EnerG2 materials would enhance performance for these fleets and infrastructure already in place using high pressure storage. Using their polymer chemistry approach to materials engineering, EnerG2 can tune the adsorbent’s nanostructure to improve the storage capacity of high-pressure storage systems by up to 30%.

Regardless of the ultimate outcome, EnerG2 said it is committed to enabling natural gas as a transportation fuel.

Natural gas has huge benefits. It’s still a fossil fuel, but now it’s far cheaper than gasoline, it’s domestically produced, and it generates lower emissions than gasoline. That’s one of the key reasons why we’re actively seeking natural gas system development partners for our new material.

—Rick Luebbe, Co-Founder and CEO of EnerG2

December 18, 2013 in Materials, Natural Gas | Permalink | Comments (22) | TrackBack (0)

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Additionally, the low volumetric density of natural gas (~30% less energy by volume than gasoline) limits range,'

?? Only 30% less by volume?
That makes no sense to me, especially as the pressure is not given.
By weight, maybe.

'Design efficiency and no wasted space, because a tank at 500-800 psi can store as much natural gas as a tank at 3,000-3,600 psi,'

This makes no sense to me either, as presumably it would store way less.
Presumably they are taking into account the volume and mass of the storage cylinder, but the author's make no attempt to clarify what on earth they are in fact on about.

@Davemart: High pressure tanks must be manufactured as cylinders or spheres in order to minimize the tensile stress on the tank material. These shapes lead to "dead space" within the body of the car. Lower pressure tanks can be formed into arbitrary shapes that wrap around the other components inside the car, leading to less unused space inside the car body.

> Lower-pressure tanks are also safer, and they hold more fuel longer if there’s a puncture.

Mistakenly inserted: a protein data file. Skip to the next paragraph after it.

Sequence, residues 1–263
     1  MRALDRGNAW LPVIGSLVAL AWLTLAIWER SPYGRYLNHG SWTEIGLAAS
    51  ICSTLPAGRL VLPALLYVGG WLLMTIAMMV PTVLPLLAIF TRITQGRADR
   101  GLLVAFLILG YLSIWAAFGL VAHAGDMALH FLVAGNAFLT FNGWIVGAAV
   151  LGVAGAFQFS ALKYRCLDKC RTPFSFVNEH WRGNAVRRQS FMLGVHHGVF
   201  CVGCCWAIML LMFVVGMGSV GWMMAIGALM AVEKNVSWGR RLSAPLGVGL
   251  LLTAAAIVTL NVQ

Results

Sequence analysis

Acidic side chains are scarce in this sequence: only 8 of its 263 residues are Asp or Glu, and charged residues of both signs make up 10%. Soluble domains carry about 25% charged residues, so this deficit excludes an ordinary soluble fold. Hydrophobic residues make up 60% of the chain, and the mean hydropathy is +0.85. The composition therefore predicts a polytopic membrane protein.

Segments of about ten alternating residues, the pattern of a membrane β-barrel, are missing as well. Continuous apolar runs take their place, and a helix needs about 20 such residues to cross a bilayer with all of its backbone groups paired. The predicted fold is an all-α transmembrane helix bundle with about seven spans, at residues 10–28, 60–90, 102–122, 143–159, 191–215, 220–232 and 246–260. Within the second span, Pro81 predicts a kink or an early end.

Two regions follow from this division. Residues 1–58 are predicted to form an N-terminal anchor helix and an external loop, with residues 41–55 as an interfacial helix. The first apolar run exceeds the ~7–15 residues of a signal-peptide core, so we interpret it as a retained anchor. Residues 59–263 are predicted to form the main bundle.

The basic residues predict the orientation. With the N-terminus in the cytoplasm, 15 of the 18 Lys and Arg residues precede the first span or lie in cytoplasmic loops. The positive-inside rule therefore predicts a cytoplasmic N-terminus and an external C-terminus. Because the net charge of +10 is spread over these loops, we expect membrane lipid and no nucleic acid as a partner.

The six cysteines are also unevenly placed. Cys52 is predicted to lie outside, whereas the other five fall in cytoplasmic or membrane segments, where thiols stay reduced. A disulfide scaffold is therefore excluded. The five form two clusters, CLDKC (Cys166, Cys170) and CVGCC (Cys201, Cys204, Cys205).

I'm not so sure about this. A tank filled with gas plus carbon has a lot more flammable material that stays closer to the passengers for a longer period of time.

The lack of precise information is annoying. They may be hiding something or it may be that such information is misleading, for example the volumetric density as pointed out by Allen.

The 30% less by volume is comparing to the 'standard' 3000psi I presume - didn't bother to check.

The amount stored in a standard tank increases with operating pressure. Same goes for the EnerG2 tanks too, but the pressure-amount relation is not necessarily the same. They've given an example, namely the pressure of their tank that has the same volumetric density as a standard tank at standard pressure.

@Allen:
I am aware of that, perhaps I was not specific enough when I mentioned the volume and mass of the cylinder.

DavidJ
It appears that:
'For a vehicle to carry enough CNG to travel a reasonable distance, the gas has to be compressed to more than 3000 psi. Even at 3600 psi, compressed natural gas has about one-third as much energy as gasoline, about 44,000 BTU per unit volume;'

http://e85.whipnet.net/yellow/cng.html

So it appears that it should be:
'~30% of the energy by volume of natural gas'
Instead of: '~30% LESS energy by volume.

And that is not including the tank.

What a nonsense article from them.

Adsorption allows the same mass of gas to be stored at a lower pressure within the same volume tank

https://www.google.com/#q=gas+storage+adsorption

Allen:
If you have a particular link to demonstrate your point please provide that.